UPPP Surgery

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UPPP Surgery

Postby lexmark_1 » Wed Sep 25, 2013 9:45 pm

Greetings all,

I am scheduled to have the surgery next week and I was wondering if there have been any updates in that area? I was diagnosed in the spring of 2012 and while I'm not sure what all the results of my sleep study were, I do know that I stopped breathing an average of 62 or so times an hour. I think that must be considered severe? And my snoring is loud enough to affect the sleep of other people in my house. I suppose I am a little overweight but certainly not obese but I do have kind of a fat neck. My doctor told me he would fix my deviated septum, remove my tonsils(I've never had any medical issues with them), and do some work rearranging my "narrow soft palate". He didn't specifically say anything about the uvula but since it's the UPPP, I must assume that's part of it. Hopefully it won't end up a colossal waste of time.

Anyway, I guess my main concern is the recovery. There are plenty of horror stories here but not too many positive ones. I've never had any surgery more major than having my wisdom teeth removed so I really have no idea what to expect. I've used up all of my vacation days from work so any time I have to take off will mean no income. I'm having the surgery on Tue. Oct 1st and I'm hoping to be back to to work the following Monday.

Is that realistic or am I looking at several weeks at home? Thanks.
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Re: UPPP Surgery

Postby snuzyQ » Thu Sep 26, 2013 3:59 pm

Hi Lexmark and welcome to the forum.

Whooah there! Why all this rush to surgery? If you are having this major surgery next Tuesday, it is highly unlikely that you will be back to work the following Monday. Your recovery could take a long, long time. Perhaps it would be wise for you to google a search on this topic.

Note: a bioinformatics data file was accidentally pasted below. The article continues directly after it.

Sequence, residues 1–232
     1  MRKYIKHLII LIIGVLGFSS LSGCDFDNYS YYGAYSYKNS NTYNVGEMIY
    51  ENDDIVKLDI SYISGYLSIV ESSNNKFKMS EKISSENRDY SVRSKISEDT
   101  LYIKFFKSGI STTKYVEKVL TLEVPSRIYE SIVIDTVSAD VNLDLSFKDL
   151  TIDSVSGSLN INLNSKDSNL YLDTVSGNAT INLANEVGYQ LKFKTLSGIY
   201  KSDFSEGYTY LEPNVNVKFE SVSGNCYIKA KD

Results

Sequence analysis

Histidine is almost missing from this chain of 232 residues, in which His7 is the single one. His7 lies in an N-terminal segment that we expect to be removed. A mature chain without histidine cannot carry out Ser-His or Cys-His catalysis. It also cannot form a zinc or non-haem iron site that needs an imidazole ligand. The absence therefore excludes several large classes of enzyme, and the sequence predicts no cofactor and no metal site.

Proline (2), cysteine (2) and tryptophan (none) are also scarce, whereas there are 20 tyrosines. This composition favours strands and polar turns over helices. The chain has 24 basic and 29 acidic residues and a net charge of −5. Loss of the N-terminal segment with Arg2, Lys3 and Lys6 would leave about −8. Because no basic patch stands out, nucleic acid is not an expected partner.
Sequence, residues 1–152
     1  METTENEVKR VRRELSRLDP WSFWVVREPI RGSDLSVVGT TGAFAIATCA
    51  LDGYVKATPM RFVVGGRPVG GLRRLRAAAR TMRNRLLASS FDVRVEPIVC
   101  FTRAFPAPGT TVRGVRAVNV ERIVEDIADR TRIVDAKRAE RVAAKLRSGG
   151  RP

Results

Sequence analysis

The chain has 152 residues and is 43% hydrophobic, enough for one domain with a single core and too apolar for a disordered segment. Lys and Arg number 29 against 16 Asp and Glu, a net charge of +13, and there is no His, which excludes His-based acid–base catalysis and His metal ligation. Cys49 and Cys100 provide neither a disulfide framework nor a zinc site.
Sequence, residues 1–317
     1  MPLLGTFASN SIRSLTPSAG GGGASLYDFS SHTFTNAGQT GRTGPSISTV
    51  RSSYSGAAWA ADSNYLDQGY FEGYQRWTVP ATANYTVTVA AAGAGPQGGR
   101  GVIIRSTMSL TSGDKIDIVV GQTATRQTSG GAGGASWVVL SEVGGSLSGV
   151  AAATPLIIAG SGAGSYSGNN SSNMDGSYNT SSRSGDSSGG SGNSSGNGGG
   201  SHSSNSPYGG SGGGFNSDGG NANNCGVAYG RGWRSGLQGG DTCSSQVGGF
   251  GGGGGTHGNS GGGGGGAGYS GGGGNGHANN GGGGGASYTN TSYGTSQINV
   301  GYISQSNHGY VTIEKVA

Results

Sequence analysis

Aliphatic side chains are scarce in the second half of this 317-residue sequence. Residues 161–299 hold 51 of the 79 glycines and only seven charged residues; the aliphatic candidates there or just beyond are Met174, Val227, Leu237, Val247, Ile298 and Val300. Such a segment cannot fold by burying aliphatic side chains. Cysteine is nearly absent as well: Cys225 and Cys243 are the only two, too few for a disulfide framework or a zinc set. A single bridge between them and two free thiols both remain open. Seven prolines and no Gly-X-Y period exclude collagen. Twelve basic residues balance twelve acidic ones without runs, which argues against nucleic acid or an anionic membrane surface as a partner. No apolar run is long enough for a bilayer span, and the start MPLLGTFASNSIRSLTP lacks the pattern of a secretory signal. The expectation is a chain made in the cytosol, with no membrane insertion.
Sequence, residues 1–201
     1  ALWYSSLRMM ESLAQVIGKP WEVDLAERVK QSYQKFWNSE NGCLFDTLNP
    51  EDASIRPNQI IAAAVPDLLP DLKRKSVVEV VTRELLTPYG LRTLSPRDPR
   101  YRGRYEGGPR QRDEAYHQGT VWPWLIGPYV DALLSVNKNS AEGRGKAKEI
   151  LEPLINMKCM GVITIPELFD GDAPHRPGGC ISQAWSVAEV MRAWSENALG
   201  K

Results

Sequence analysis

People of all sizes, shapes, ages, sexes, types, etc. get obstructive sleep apnea. While OSA is primarily an anatomical thing, surgery rarely, if ever, cures it. Those who have surgery for OSA are often left with residual apnea that must be treated further at some point and this is done most effectively with CPAP. CPAP is the most effective and least invasive of all the available treatments for OSA. Obstructive sleep apnea is a moving target which often worsens with age and over time...even after surgery.

Yes...you have severe sleep apnea, diagnosed a year ago. I think my own thunderous snoring made all my nearest and dearest wish I would go under the knife as soon as possible to get this fixed. They sadly were not aware of the alternatives, one of which would not only completely take away my audible snoring, but which would also very effectively treat my obstructive sleep apnea... CPAP. Fortunately, I was offered CPAP by my doctor...first. No one in my house (or anybody else's) has heard me snore ever since. CPAP became no big deal for me after about 6 weeks of treatment. Now it is just something I do each night. It feels very natural and normal to me now. I look forward to a good night of sleep each night. CPAP has greatly improved my quality of life...and the lives of everybody around me.

So...the surgery not only gives you a long, drawn-out recovery time, but also eventually puts you back at square one for treatment of your OSA.